A monitor display that warns householders when electrical appliances are using unusually large amounts of power could help reduce domestic energy usage and allow people to keep control of their bills, according to developers at the Fraunhofer Institute for Integrated Circuits. Bringing concepts from industrial control and instrumentation down to a domestic scale, the researchers are developing a system of sensors, data handling and displays that could be deployed in kitchens within the next couple of years.
‘Each electrical appliance is fitted with sensors that continuously measure the electricity being produced,’ explained Peter Heusinger, project manager. ‘The sensors then send this signal to a server which lies concealed in the fuse box.’ The server uses this data to calculate the energy being consumed by each appliance and compares this with previous consumption values. If the value increases sharply, the server sends a message to a display unit.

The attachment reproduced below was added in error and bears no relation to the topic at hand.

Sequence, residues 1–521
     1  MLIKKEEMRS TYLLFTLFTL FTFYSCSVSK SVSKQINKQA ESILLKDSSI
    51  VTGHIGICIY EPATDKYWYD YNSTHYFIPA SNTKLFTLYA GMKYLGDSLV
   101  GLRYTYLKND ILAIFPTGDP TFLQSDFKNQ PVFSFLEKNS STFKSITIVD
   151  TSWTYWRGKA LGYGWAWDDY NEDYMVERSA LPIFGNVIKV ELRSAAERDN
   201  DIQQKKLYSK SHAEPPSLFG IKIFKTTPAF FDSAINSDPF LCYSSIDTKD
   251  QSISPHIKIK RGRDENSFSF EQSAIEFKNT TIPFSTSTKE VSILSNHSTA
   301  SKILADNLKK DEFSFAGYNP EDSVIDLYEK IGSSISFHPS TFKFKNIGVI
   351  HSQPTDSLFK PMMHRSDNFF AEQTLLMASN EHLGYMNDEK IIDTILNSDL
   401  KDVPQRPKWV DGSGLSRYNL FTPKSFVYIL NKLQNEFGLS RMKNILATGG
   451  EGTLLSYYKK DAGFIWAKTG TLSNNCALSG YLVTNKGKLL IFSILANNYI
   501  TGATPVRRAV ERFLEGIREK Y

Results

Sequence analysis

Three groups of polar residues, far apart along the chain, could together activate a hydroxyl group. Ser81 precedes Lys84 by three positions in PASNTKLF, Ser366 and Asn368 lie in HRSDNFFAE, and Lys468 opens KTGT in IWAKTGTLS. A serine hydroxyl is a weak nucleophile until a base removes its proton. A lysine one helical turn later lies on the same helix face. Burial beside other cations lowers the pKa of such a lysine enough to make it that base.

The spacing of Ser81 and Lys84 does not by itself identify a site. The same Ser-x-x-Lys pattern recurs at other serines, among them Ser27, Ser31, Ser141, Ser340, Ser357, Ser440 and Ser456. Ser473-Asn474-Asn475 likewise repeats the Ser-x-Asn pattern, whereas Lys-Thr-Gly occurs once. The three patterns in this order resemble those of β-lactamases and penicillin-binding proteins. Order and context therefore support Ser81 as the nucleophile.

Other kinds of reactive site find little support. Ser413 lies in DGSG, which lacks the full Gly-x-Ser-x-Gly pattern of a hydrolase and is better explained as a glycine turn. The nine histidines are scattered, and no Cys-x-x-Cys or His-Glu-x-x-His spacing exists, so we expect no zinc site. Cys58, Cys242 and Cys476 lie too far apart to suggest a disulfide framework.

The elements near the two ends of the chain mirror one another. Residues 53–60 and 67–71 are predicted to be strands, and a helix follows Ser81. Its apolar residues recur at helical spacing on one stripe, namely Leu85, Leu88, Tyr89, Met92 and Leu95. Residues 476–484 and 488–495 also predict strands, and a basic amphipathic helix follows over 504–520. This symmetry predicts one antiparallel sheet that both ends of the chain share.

For example, an open fridge door would be detected by a sudden rise in consumption, while worn bearings on a washing machine would lead to a gradual increase in consumption. Each would lead to a different message being sent to the display. ‘This message can be in the form of a text message, a message on a display or one displayed in a user interface on the computer, depending on the user’s preferences,’ said Heusinger.
The researchers have built a demonstration version of the system, but need to undertake further development to make the sensors suitable for mass-production, which would be needed to launch the system commercially.